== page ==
KNOXVILLE – There was a lot to unpack on Monday regarding Tennessee’s football game against Alabama last Saturday.
In the midst of critiquing officials and assessing quarterbacks, among other topics, Vols coach Jeremy Pruitt dropped this nugget: “Our offensive line probably played their best game.”
Tennessee’s 114 net yards rushing was its most against the Crimson Tide since 2015. The total followed the 190 yards gained against Mississippi State the previous week, thereby adding to an encouraging trend heading into Saturday’s game against South Carolina.
Several offensive linemen took part in a play last Saturday that’s bound to be featured prominently among the season’s highlights. They helped turn what could’ve been a 2-yard run by running back Tim Jordan into an 11-yard gain by pushing the pile forward in rugby-like fashion.
Afterward, Jordan, who rushed for 94 yards in all, said that the linemen “played their asses off.” On Tuesday he happily ceded the 9-yards worth of push to them and still was recalling the looks on their faces after the play.
“It brought confidence to them,” he said.
Freshman tackle Wanya Morris’ face lit up on Tuesday when asked about the play, saying he’s watched the surge four times since then.
“Imposing your will, it feels good,” he said.
Guard Trey Smith limited himself to two viewings. He was more expansive, though, in distinguishing the play’s significance.
“It’s part of the culture change we’ve got to have around here,” he said. “It starts from the top. Coach Pruitt, Coach (Jim) Chaney, Coach (Will) Friend, Coach (Cameron) Clemmons, they all teach that. They preach it to us every day. Just seeing us do it one time, it was pretty wonderful.”
Smith based his characterization on the number of people involved with the play. Although Smith came late, he arrived with a few yards’ worth of purpose to help finish it.
“Once you get all 11 guys going, you’ve got something great,” he said.
Keeping the same five guys going on the offensive line has been a challenge, as evidenced by the Vols starting six different alignments in seven games.
Injuries have deprived them of such linemen as Jahmir Johnson and lately Riley Locklear. Conversely others like Jerome Carvin have progressed during the season. A few weeks ago, the Vols were considering Carvin for a redshirt. He started on Saturday and Smith noted his pile-driving impact on the celebrated running play.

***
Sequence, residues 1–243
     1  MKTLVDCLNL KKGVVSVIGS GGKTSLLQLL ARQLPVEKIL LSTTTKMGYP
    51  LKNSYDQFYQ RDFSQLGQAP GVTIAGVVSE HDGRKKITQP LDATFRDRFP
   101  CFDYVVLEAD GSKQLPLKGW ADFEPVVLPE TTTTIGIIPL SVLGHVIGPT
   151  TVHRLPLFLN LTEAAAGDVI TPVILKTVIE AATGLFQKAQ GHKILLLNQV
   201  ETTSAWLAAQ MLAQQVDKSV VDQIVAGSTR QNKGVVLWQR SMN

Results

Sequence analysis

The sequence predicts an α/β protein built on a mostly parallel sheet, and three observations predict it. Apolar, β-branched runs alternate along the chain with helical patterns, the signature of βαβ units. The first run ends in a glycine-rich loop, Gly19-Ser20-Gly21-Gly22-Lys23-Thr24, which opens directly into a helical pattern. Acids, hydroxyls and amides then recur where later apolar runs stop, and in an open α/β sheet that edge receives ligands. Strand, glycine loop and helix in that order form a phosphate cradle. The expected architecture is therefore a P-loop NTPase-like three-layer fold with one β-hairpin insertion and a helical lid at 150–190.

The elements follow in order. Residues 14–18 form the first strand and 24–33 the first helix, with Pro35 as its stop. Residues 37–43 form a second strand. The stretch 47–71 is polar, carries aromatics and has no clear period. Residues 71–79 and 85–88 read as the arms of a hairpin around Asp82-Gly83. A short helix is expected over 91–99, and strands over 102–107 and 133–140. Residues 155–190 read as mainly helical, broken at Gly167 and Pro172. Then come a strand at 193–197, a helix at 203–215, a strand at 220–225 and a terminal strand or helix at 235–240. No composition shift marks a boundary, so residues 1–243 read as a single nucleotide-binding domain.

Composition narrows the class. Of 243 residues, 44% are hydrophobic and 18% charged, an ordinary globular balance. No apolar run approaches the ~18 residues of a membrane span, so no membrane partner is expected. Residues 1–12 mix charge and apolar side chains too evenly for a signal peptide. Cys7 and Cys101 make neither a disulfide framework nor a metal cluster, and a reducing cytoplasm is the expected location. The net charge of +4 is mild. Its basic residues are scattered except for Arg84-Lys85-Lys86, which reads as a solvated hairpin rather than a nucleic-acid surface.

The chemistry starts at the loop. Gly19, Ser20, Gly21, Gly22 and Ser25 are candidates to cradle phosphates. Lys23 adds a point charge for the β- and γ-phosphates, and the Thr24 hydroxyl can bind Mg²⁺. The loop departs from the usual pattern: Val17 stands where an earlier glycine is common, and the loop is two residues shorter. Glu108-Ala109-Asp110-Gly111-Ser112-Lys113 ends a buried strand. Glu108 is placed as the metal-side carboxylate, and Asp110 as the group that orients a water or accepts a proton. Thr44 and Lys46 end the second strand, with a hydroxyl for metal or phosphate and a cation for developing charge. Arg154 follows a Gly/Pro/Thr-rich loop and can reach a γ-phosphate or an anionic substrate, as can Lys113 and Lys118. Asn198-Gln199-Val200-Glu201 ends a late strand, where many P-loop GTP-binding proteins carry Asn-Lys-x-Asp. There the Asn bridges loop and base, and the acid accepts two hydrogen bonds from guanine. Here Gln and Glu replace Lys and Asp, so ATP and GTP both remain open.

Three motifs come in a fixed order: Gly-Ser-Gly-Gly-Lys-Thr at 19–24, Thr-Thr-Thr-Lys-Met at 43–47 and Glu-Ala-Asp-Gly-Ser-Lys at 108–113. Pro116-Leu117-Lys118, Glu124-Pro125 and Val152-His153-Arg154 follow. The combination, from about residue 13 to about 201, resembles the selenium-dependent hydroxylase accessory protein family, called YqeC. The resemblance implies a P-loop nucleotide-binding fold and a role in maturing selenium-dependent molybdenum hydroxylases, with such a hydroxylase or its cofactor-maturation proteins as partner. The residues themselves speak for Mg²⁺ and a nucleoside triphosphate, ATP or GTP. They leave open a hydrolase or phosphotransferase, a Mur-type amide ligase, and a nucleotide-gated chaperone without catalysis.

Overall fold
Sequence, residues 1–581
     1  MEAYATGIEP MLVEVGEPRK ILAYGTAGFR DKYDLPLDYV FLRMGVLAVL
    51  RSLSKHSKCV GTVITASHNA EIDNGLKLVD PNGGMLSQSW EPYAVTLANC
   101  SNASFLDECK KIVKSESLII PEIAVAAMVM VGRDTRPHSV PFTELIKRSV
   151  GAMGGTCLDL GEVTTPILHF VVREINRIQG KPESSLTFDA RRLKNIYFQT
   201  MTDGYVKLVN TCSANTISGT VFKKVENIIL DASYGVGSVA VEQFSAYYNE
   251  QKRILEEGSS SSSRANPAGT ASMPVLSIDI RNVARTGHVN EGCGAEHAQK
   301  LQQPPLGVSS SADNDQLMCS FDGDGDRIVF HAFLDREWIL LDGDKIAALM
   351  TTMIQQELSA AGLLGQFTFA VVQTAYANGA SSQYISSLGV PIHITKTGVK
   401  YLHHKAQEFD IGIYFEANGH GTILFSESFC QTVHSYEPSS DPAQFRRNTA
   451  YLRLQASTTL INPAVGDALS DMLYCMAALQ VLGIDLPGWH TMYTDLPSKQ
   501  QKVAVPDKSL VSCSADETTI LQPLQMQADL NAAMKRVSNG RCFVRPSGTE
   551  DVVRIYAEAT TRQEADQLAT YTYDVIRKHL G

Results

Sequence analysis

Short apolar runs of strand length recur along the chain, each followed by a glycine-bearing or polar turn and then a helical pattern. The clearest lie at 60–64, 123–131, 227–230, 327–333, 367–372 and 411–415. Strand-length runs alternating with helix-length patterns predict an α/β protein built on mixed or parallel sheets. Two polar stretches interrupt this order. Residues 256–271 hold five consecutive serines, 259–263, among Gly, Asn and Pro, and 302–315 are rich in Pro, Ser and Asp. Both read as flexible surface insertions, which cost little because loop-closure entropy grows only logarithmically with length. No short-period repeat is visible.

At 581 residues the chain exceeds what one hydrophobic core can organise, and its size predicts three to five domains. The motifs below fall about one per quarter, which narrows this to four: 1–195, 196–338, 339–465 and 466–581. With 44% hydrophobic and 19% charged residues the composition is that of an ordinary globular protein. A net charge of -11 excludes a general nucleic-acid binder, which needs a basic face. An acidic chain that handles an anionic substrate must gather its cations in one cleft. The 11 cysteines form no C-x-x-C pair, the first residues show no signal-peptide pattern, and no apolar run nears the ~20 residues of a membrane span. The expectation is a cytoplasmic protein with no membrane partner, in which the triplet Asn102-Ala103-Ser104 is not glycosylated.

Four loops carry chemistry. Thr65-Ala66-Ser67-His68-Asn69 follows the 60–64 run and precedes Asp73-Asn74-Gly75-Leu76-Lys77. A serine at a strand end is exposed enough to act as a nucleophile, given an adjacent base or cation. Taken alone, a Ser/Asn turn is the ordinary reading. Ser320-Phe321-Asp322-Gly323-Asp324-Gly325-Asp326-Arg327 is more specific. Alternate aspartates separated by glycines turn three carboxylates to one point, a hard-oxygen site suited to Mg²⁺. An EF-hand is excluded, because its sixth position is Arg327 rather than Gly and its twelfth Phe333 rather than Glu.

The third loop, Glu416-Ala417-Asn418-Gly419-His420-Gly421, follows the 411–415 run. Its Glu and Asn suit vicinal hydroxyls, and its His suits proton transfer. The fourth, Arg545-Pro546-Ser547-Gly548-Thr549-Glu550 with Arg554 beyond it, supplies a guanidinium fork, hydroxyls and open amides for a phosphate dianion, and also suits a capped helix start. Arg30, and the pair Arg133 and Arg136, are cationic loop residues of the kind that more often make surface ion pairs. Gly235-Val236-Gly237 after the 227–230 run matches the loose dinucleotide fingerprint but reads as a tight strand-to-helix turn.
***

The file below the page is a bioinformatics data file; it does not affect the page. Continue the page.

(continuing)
And then there’s tight end Austin Pope, a former high school wide receiver who conceded on Tuesday that now, three years and 30-35 added pounds later, he considers himself to be a “sort of glorified lineman.”
“I thought I would come in and catch a bunch of balls and be the next Jason Witten,” said Pope, referencing the former UT tight end great. “Obviously that didn’t happen. I’m just playing my role.”
Judging by the brace he was sporting on his left wrist, he’s taken on the part with some vigor.
“I definitely find joy in finishing my block and being physical,” he said.
Factor in two freshmen starting in Morris and Darnell Wright and it’s taken some time to get everyone going in the right direction. But Pruitt sees such a progression taking place.
“I think the guys are starting to play together in the same system,” he said. “Now we’re getting into the end of the year here so some of the plays, they’ve had a lot of repetition doing them over and over again, so we continue to improve that.”
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Dan Fleser is a 1980 graduate of the University of Missouri who covered University of Tennessee athletics for the Knoxville News Sentinel from 1988-2019. He may be reached at email@example.com.